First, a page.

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Cancer Treatment: Selecting Patients Based On Genotype May Increase Efficacy Of Tamoxifen, Study Suggests

Date:
April 30, 2008
Source:
Journal of the National Cancer Institute
Summary:
Breast cancer patients who carry the wild-type gene required for tamoxifen metabolism may have comparable risk of recurrence when taking tamoxifen or an aromatase inhibitor, according to modeling data. Cytochrome P450 2D6 (CYP2D6) converts tamoxifen into its metabolically active form called endoxifen.

Breast cancer patients who carry the wild-type gene required for tamoxifen metabolism may have comparable risk of recurrence when taking tamoxifen or an aromatase inhibitor, according to modeling data.

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Cytochrome P450 2D6 (CYP2D6) converts tamoxifen into its metabolically active form called endoxifen. The enzymes encoded by different variants of the CYP2D6 gene metabolize tamoxifen at different rates. For example, women who carry two copies of the CYP2D6*4 allele have less endoxifen in their blood than women who carry two copies of the wild-type allele for CYP2D6. The lower serum concentration of endoxifen may make tamoxifen less effective for the women with the CYP2D6 *4 allele. However, two large randomized trials, which did not test women for their CYP2D6 genotype, showed that breast cancer survivors who take aromatase inhibitors reduce their risk of recurrence more than those taking tamoxifen.

To estimate whether women with wild-type CYP2D6 might derive more clinical benefit from tamoxifen than from aromatase inhibitors, Rinaa Punglia, M.D., of the Dana-Farber Cancer Institute in Boston and colleagues created a mathematical model. The researchers used estimates about the risk of recurrence from past randomized trials.

Punglia and colleagues calculated that women with wild-type CYP2D6 who take tamoxifen would have approximately the same reduction in the risk of recurrence as was seen for the whole population of women who took aromatase inhibitors in the clinical trial. Therefore, women with wild-type CYP2D6 genotype may derive as much benefit from tamoxifen as from aromatase inhibitors.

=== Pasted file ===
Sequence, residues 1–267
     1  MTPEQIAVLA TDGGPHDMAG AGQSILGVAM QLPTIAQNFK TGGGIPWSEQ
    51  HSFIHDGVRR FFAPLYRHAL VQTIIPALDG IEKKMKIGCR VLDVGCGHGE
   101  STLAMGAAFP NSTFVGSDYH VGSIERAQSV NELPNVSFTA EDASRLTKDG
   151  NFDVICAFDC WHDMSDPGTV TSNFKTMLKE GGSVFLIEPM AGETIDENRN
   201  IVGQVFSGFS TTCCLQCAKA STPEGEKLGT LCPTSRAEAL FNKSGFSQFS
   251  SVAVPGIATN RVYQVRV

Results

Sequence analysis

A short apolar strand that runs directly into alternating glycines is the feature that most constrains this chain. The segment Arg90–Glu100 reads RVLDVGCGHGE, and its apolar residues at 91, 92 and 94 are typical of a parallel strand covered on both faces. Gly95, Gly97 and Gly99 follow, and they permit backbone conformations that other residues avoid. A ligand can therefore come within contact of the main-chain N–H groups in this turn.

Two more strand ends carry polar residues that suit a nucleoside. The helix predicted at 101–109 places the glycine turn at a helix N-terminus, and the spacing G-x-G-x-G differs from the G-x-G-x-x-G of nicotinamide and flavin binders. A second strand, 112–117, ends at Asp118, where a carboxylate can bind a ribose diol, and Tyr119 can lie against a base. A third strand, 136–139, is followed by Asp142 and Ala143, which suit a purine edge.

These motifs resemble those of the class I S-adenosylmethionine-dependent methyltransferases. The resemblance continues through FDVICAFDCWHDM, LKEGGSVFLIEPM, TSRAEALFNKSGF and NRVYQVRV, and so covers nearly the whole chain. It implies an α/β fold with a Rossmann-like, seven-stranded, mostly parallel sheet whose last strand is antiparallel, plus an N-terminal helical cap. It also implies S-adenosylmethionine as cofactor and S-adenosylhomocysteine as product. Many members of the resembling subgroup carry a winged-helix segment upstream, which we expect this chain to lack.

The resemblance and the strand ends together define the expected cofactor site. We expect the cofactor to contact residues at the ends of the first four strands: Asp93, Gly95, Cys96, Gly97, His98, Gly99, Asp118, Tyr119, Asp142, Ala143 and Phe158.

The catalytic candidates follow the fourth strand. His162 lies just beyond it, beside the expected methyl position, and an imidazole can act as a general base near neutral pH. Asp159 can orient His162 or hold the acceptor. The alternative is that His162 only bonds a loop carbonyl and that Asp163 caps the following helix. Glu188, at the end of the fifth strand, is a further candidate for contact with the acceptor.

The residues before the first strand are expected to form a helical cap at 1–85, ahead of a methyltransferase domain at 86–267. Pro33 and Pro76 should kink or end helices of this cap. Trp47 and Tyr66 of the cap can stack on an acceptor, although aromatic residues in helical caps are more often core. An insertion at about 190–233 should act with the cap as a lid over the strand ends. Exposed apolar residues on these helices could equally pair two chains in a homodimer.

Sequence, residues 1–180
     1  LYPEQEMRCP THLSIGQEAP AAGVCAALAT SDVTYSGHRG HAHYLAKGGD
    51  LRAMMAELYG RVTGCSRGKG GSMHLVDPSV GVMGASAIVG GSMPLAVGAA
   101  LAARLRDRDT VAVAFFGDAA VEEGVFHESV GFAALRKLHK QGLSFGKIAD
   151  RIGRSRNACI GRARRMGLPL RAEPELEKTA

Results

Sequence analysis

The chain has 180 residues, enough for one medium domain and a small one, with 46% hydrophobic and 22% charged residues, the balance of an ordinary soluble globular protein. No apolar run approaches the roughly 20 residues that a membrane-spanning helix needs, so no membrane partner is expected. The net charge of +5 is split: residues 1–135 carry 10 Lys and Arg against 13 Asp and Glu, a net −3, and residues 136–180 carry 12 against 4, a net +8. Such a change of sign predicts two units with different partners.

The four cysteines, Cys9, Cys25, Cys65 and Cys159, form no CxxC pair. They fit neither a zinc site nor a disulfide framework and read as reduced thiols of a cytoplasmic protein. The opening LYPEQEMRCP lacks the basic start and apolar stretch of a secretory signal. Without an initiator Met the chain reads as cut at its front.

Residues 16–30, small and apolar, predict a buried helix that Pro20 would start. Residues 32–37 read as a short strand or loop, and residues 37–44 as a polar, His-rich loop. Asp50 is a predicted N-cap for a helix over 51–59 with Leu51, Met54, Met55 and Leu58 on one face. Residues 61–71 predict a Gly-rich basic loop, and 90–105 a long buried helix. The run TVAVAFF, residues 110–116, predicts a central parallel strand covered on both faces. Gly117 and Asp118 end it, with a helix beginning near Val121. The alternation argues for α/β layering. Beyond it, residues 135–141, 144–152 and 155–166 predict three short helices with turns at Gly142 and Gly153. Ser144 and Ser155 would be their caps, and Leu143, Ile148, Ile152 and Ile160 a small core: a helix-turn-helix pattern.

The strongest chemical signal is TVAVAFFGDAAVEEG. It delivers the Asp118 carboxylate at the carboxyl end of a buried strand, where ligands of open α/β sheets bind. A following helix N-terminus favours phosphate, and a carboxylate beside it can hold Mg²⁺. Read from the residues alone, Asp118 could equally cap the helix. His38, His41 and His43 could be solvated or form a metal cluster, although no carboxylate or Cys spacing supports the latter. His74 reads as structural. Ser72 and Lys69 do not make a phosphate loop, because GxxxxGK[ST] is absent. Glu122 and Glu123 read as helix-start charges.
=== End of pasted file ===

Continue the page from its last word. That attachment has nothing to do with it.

"Our model raises the possibility that tailored therapy based on pharmacogenomics could be considered for such women," the authors write.

In an accompanying editorial, Daniel Hayes, M.D., of the University of Michigan Comprehensive Cancer Center in Ann Arbor and colleagues review what is known about tamoxifen metabolism and CYP2D6 allele types and their impact on the risk of recurrence for breast cancer patients.

The editorialists comment that the conclusions by Punglia and colleagues are important because they have brought the field of pharmacogenomics to the attention of breast cancer physicians. However, the analysis was based on limited data and on modeling assumptions and must be viewed with caution. "We do not recommend routine CYP2D6 genotyping for all patients who are considering tamoxifen, although we recognize that there are already selected circumstances in which such knowledge might be helpful," they write.

This research was reported April 29 in the Journal of the National Cancer Institute.


Story Source:

The above story is based on materials provided by Journal of the National Cancer Institute. Note: Materials may be edited for content and length.


Cite This Page:

Journal of the National Cancer Institute. "Cancer Treatment: Selecting Patients Based On Genotype May Increase Efficacy Of Tamoxifen, Study Suggests." ScienceDaily. ScienceDaily, 30 April 2008. <www.sciencedaily.com/releases/2008/04/080429170256.htm>.
Journal of the National Cancer Institute. (2008, April 30). Cancer Treatment: Selecting Patients Based On Genotype May Increase Efficacy Of Tamoxifen, Study Suggests. ScienceDaily. Retrieved December 21, 2014 from www.sciencedaily.com/releases/2008/04/080429170256.htm
Journal of the National Cancer Institute. "Cancer Treatment: Selecting Patients Based On Genotype May Increase Efficacy Of Tamoxifen, Study Suggests." ScienceDaily. www.sciencedaily.com/releases/2008/04/080429170256.htm (accessed December 21, 2014).

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